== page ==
The new outdoor hardscaping display at Weyers showcases the many options for outdoor living spaces.
Weyers also has an indoor hardscaping display.
Part of the hardscaping display at Weyers features an outdoor fireplace.
Weyers has recently installed a new outdoor display. As soon as the counter tops are added, this outdoor kitchen will be complete.
Since 1923, Weyers Equipment Inc. in Kaukauna, WI, has offered a little something extra for the landscape customer. Contractors could purchase or service power equipment, and also enjoyed easy access to grass seed, fertilizer, lawn care chemicals and pond supplies from the day the dealership opened. In 2005, the equipment dealership also branched into the hardscape supplies business.
“They (owners Gary and Keith Weyers) felt that this was a good add-on to what they were doing at the time,” says Jeff Ebben, landscape sales manager at Weyers Equipment Inc.
Adding hardscape supplies to the business has proven to be a good choice. Now, hardscaping supplies make up 11% of the dealership’s total revenue and nearly 70% of their landscape supplies sales.
The majority of customers who purchase the hardscaping supplies are commercial installers (96%) but there is also a small DIY customer base (4%) that has taken advantage of the offering.
A strong market
The team at Weyers is pretty confident in the state of the hardscaping market and the opportunities the segment presents for contractors and the dealership. Homeowners’ continued interest in outdoor living spaces has helped the market to see continued growth. Jeff says he sees a lot of room in the market for contractors who are interested in branching into the hardscape installation business and exploring another way to generate revenue.
“Most of my contractors have more work than people,” explains Jeff. “I think the down economy has forced a lot of people out of the industry, and now with the resurgence of work there are not enough people to satisfy the market’s needs.”
Starting out in hardscaping will require an investment in education and the equipment necessary for installs. Jeff suggests contractors obtain training and certification from the Interlocking Concrete Pavement Institute (icpi.org) and the National Concrete Masonry Association (ncmahq.org).
There is also room for dealers who may be considering adding the product category. What they will need, Jeff advises, is someone on staff who is knowledgeable about hardscaping supplies and materials.
“I have seen two other dealerships try and fail because they did not have enough knowledge of the industry,” says Jeff. “They were also in smaller markets that did not have enough business to support hardscape.”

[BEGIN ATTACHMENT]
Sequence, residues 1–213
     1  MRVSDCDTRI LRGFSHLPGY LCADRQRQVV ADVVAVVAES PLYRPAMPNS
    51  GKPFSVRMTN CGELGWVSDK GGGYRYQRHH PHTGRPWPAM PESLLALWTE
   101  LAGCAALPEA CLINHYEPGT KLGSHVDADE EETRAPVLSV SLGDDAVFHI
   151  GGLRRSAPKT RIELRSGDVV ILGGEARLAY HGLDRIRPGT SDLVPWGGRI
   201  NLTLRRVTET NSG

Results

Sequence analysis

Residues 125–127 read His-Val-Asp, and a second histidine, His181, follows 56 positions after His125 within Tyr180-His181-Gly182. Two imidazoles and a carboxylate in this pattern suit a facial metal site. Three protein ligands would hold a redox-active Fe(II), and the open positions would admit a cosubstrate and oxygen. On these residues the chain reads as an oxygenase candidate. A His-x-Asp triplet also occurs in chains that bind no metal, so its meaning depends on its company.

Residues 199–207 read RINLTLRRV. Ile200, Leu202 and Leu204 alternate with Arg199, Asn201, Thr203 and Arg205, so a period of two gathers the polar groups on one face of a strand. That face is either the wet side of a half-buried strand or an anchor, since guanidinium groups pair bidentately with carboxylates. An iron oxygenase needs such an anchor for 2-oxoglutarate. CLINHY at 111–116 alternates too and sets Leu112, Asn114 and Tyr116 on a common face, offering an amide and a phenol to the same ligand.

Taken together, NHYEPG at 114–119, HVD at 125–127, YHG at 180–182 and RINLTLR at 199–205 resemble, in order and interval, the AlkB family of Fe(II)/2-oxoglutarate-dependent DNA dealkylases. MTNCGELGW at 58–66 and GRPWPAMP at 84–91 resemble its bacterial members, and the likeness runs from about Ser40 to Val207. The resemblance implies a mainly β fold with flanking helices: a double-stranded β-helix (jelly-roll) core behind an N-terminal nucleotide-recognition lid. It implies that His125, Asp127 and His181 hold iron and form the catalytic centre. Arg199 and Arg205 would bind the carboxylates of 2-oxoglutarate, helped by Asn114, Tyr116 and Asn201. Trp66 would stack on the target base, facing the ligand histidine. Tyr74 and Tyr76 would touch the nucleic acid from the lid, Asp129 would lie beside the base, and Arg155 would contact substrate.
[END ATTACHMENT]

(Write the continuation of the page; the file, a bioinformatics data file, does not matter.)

Jeff suggests dealers consult hardscape suppliers to get a feel for what opportunities are in their area and talk to customers about their needs. He anticipates that the overall market will continue to grow the next several years if the economy continues to improve.
“The outdoor living space movement is just reaching our market,” says Jeff. “I think this movement will last for the next five to eight years given the economy continues to get stronger.”
It takes more than a strong economy to help a dealer or contractor to succeed in the Green Industry. Knowing how to price services properly to cover costs and earn a profit is vital. For the past two years, Jeff has been teaching estimating to contractors at the local technical college.
“I had been on an advisory committee for a few years and the lead instructor asked if I would be interested in teaching an estimating course,” explains Jeff. “I had for a long time complained that there was a large deficiency in math and estimating skills in the marketplace when it came to landscape contractors.”
In his courses, Jeff teaches contractors to create and understand income statements and balance sheets. He shows students what information they can derive from these two reports and how to use the reports to manage their companies. Jeff and the team at Weyers also educate their own customers on how to better price and manage their hardscaping businesses and materials.
“I teach them how to determine overhead and how to conduct time studies,” says Jeff. “We talk about the cost of equipment operation and maintenance, and how to budget for a profit.”
Jeff shares a lot of information with contractors that he gleans from Green Industry research and in conversations with other contractors he works with. He uses data he gathers from his own contractor customers to get a feel for the average performance of companies in his area to help guide Weyers—and their customers—in their endeavors.